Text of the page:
The symbolism of a totem varies depending on the culture and tradition it comes from. In general, however, totems are thought to have protective or empowering qualities and to provide a sense of identity and connection to the natural world.
In some cultures, a totem may represent an animal that is believed to have special powers or qualities, such as strength, agility, or wisdom. For example, the eagle is a common totem in Native American culture, and it represents power, freedom, and spiritual connection. Similarly, the bear is a totem in many indigenous cultures, and it represents strength, protection, and healing.
In other cultures, a totem may be a natural object, such as a tree or a rock formation, that is believed to have special significance or spiritual power. For example, in Australian Aboriginal culture, a totem may be a particular plant or animal that is associated with a particular clan or family, and it represents the clan’s connection to the land and their spiritual ancestors.
Overall, the symbolism of a totem is deeply rooted in the cultural and spiritual beliefs of the people who use it. It can provide a sense of connection to the natural world, a sense of identity and belonging, and a source of spiritual power and protection.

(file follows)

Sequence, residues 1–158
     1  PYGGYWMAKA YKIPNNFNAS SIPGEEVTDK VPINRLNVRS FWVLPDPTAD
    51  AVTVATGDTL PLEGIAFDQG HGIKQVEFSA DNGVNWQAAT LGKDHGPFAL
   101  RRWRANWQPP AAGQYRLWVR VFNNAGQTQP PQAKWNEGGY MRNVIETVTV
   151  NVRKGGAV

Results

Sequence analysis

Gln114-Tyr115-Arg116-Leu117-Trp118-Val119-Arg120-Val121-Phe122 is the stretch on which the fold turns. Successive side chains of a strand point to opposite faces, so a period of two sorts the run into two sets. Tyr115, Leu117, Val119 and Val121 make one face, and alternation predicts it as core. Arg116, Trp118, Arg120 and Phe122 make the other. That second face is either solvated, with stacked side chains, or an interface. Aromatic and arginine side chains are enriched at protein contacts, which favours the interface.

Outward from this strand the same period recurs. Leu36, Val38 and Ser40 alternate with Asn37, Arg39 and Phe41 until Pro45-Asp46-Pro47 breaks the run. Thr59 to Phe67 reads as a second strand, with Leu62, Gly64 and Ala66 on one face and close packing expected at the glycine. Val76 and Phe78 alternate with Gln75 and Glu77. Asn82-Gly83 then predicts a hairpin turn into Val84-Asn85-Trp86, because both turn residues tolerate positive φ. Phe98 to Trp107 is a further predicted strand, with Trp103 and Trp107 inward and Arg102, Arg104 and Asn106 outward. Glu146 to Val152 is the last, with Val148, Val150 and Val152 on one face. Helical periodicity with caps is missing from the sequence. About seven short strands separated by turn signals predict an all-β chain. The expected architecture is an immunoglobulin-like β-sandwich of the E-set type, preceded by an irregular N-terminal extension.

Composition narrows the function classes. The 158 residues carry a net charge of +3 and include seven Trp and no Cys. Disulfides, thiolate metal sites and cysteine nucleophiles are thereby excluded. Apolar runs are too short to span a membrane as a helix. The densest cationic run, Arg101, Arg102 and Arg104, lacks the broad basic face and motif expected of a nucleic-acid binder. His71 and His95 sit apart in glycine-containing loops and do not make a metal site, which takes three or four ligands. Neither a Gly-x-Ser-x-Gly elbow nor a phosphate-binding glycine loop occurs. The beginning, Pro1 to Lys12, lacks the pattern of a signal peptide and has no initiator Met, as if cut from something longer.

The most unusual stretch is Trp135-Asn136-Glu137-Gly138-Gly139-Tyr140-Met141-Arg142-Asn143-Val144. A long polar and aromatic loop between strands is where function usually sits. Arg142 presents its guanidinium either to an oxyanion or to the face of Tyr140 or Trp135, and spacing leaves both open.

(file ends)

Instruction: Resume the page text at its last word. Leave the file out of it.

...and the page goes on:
Some interesting information on how this artwork was created:
This concentric circle was created with a specially designed spinning device. The spinning device concept came about after Laresa, wanted to have a rotating easel to make working on geometric art works a lot easier on the shoulders. Her first spinning device was made out the rotisserie motor of her braai (barbeque). She woke up early one morning and dismantled the family braai. She then made a very primitive rotating device that she burnt out within a few days. And so, the process began of refining what she needed the final unit to do. The process of refining the device took approximately 2 years with a lot of sketches, homemade prototypes, and designs. Now Laresa has a unit that can be used in all the ways she has in her mind. Her final design with all the alterations and amendments was put together by an engineering company in Cape Town.
The various units she designs to execute her artwork, is an integral part of her process of creation. To date she has come up with 3 main designs, with each having their own unique functions with various appendages.
All unique work, comes with a certificate of authenticity